“The firm cooperated with me for a long time [and] they were actually very supportive in assisting me,” Draper said. “It’s a happy departure.”
Draper joined Ropes & Gray, one of Boston’s oldest and largest firms, in 1980 following a clerkship with the U.S. Court of Appeals for the Fifth Circuit. He made partner at the firm nine years later and served as head of Ropes & Gray’s finance group for close to 15 years.
During his time as head of the firm’s finance practice, Draper worked to expand the group from a 10-lawyer team based in Boston to nearly 100 lawyers across Ropes & Gray’s offices in Boston, Hong Kong, London and New York.
As the date of his retirement approached, Draper said he spent several months looking at opportunities at other firms and in-house positions, but he eventually felt that Foley Hoag would be his best landing place, since it is similar in many ways to his life at Ropes & Gray.
The 240-lawyer firm was founded in 1943 in Boston by former Ropes & Gray lawyers Garrett Hoag and Henry Foley. (Two years later, with the addition of former U.S. Rep. Thomas Eliot, it became Foley, Hoag & Eliot, until 2000, when the firm adopted its current name.)
“They kept a lot of the same culture,” Draper said of his new firm.
Over the years, Draper has advised a variety of companies and private equity sponsors on an array of acquisition finance deals, including asset-based credits and large syndicated term loans. He has also worked with borrowers on a variety of debt transactions, from bank credit facilities to high yield bonds.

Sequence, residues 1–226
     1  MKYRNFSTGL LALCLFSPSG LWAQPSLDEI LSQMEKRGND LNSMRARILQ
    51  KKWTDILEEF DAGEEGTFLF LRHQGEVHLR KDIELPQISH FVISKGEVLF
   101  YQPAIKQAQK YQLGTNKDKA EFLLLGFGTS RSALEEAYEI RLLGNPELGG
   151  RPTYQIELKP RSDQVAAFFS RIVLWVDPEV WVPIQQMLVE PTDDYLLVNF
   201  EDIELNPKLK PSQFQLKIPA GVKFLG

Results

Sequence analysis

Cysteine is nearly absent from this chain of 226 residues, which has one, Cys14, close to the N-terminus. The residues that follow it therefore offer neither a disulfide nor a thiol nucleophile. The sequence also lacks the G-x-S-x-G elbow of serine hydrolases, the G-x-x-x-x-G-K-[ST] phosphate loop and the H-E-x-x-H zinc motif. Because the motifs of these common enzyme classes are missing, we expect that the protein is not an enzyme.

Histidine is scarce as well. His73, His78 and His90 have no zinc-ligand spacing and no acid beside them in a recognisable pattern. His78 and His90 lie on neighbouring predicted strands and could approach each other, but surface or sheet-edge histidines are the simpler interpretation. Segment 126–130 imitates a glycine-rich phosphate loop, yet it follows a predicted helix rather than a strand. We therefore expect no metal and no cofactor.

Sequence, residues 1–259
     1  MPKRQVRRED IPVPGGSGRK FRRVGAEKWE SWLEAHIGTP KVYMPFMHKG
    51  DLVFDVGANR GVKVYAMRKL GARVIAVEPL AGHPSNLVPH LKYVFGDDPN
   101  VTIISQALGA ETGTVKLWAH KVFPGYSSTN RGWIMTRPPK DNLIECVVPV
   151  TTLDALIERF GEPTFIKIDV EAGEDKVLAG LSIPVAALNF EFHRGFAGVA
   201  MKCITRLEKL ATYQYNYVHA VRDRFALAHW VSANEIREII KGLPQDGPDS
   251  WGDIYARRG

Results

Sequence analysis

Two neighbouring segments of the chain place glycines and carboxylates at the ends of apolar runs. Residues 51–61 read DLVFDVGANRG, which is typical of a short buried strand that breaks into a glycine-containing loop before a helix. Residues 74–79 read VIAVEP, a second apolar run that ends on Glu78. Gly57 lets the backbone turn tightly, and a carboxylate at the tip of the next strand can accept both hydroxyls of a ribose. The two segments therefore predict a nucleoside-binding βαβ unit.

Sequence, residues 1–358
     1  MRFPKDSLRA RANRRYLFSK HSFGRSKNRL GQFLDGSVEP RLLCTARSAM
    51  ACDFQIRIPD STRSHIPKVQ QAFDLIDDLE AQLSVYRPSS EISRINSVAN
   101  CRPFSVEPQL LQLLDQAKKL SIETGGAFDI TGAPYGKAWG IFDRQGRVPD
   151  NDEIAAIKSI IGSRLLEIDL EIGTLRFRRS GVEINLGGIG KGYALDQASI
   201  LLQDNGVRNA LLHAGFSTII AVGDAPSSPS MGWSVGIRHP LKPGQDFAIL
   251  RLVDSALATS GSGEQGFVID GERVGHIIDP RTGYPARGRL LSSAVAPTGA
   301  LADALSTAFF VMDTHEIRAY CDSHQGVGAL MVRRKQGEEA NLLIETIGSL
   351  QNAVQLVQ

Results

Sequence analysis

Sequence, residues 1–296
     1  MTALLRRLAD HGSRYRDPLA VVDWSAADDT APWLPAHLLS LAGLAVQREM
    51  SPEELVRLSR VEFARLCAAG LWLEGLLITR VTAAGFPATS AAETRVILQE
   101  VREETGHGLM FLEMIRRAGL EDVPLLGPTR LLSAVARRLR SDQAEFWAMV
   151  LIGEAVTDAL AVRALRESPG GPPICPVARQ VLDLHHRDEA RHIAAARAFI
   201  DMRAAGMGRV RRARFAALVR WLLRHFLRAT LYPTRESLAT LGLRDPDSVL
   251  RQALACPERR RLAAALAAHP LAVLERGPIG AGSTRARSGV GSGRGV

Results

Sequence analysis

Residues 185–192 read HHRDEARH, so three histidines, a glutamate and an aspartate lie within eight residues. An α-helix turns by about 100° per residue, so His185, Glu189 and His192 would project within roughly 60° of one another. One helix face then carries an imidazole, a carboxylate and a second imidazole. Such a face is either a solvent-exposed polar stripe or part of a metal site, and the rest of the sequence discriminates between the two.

As the new co-chair of the debt finance group at Foley Hoag, Draper said he’s looking to expand that practice to complement the M&A work the firm has been increasingly involved in for its private equity and investment fund clients.
“They’ve had such growth [in the area] and need to develop debt finance to catch up,” Draper said. “We would like to get the debt practice moved up so Foley Hoag can have a complete offering [to clients].”
Draper is the second longtime Ropes & Gray partner to find a new home at another Am Law 200 firm this year. In January, after roughly 40 years at Ropes & Gray, commercial litigator Harvey Wolkoff retired from the firm’s partnership to start a Boston office for Quinn Emanuel Urquhart & Sullivan. Wolkoff and former Ropes & Gray associate Brian Shaughnessy, now of counsel at Quinn Emanuel, have helped that new outpost get off the ground.
“At Ropes & Gray, partners hitting mandatory retirement have been increasingly looking for full-time work,” Draper said.
Boston, in particular, has been a busy battleground for lateral hiring in Big Law this year, as noted in a recent feature story by The American Lawyer. In recent weeks, firms such as Choate Hall & Stewart, Proskauer Rose and Saul Ewing Arnstein & Lehr have made key hires in the city.